Monday, June 22, 2015

Release Date for Five Secrets

The next installment in the Lupa Schwartz Mystery Series, Five Secrets, will be released to the public in electronic formats as well as paperback on July 18. The introductory book in the series, Extreme Unction, is FREE in electronic formats at all of the major retailers, and all of the other books (including Five Secrets when it comes out) are currently each selling in eBook format for $2.99 until September, when they will return to their regular price. Extreme Unction is also now available in a much cheaper 2nd edition paperback. Here's the book description:

   After surviving a vicious attack, magazine reporter Cattleya Hoskin learns that her ex-boyfriend, Ulric, has gone missing having left only a coded message the police cannot decipher. Digging deeper, she learns that he'd been working with the man who got her injured on the last story she covered, Pittsburgh PI Lupa Schwartz. The two men had been trying to covertly unravel a centuries-old scheme, but the conspirators found him out and drove Ulric underground. To complicate matters, a mystery woman arrives with a tale of peril linking her to the same nefarious plot. 
   In order to protect this client and Ulric, Cattleya and Schwartz delve into the mysteries of sacred geometry and a genetic line that traces back to Charlemagne and beyond. Now the pair must work together to expose an ancient secret before being thwarted by the agents of a shadow government which has been secretly operating since Mesopotamia.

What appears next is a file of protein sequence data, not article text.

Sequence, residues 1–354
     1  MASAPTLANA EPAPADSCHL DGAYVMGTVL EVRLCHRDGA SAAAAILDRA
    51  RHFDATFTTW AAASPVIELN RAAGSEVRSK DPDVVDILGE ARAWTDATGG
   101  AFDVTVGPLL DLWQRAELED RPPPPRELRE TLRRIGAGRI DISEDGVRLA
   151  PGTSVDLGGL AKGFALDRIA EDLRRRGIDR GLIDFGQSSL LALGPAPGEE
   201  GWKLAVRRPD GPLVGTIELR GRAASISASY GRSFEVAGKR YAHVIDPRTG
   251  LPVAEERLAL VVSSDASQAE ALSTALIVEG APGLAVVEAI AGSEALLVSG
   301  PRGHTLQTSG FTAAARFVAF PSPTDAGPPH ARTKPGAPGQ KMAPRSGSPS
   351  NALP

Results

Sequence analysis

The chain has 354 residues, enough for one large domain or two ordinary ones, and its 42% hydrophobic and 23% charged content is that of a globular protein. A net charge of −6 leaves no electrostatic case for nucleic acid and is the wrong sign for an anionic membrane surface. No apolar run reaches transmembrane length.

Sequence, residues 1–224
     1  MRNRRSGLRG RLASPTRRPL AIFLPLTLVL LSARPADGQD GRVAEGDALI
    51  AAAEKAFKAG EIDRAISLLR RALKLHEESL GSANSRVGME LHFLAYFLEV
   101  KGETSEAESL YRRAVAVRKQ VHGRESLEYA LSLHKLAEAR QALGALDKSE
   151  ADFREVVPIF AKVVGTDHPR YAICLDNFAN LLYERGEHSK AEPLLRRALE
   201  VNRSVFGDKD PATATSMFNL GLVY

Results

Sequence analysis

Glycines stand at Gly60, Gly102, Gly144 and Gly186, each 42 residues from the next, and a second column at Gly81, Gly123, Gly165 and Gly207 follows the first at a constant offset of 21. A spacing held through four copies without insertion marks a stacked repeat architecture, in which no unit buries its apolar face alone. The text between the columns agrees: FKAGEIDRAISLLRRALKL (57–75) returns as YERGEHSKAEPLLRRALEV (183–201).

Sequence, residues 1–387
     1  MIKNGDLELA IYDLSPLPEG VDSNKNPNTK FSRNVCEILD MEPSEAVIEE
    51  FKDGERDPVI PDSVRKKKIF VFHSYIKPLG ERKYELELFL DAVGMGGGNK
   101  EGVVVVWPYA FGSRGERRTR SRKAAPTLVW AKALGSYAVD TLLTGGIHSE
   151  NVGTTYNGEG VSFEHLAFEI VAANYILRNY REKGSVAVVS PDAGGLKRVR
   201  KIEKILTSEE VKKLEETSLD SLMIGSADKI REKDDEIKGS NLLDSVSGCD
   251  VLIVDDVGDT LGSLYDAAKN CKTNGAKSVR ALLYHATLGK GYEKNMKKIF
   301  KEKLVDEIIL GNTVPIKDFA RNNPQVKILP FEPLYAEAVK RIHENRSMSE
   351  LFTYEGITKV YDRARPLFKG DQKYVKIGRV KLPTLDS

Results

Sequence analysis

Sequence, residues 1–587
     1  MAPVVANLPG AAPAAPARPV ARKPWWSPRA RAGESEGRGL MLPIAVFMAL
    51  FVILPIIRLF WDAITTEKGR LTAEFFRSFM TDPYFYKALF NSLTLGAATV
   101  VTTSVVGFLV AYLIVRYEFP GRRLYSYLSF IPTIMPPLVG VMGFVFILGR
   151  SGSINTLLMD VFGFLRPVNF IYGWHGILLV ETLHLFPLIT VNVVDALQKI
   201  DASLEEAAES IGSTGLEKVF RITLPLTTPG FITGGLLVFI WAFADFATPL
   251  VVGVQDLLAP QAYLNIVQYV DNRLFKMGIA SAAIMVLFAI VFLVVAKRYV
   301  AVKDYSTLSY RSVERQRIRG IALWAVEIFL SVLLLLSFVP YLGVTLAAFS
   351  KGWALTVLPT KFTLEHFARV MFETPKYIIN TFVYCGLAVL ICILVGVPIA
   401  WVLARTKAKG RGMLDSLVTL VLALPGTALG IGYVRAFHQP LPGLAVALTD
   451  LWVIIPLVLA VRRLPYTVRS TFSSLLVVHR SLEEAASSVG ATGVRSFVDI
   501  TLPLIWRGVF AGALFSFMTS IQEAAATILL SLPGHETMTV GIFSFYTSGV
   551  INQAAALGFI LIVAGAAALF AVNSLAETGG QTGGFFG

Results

If they succeed, they just might topple an empire. If they fail, there may be no place for them in the New World Order -- or anywhere else.

Now here's a brief excerpt to whet your appetites...


“The God I realized I believe in is hidden for a very different reason,” I said from my hospital bed. I’d been recovering from a stab wound for several weeks. It was touch and go for a while. The knife had nicked my spleen and lacerated my liver. I’d gotten a secondary infection after surgery, and my fever had spiked several times; but I was recovering nicely now, and Mia had come to visit from the house that she and I shared with her boss who was my  - well, I don’t know what I’d call him. Lupa Schwartz was not my boss, and he wasn’t exactly my friend after the way he’d used me as bait to lure a murderer. But I needed to stay where I was in order to chronicle his cases for the magazine I worked for.
I had come to Pittsburgh almost a year before in an attempt to simply score an interview with the man who, working as an independent contractor, had successfully resolved more unsolved murders in the tri-state area than any two official police investigators combined. However, what began as a hoped-for interview had snowballed into a living arrangement and a working partnership between Lupa Schwartz and myself.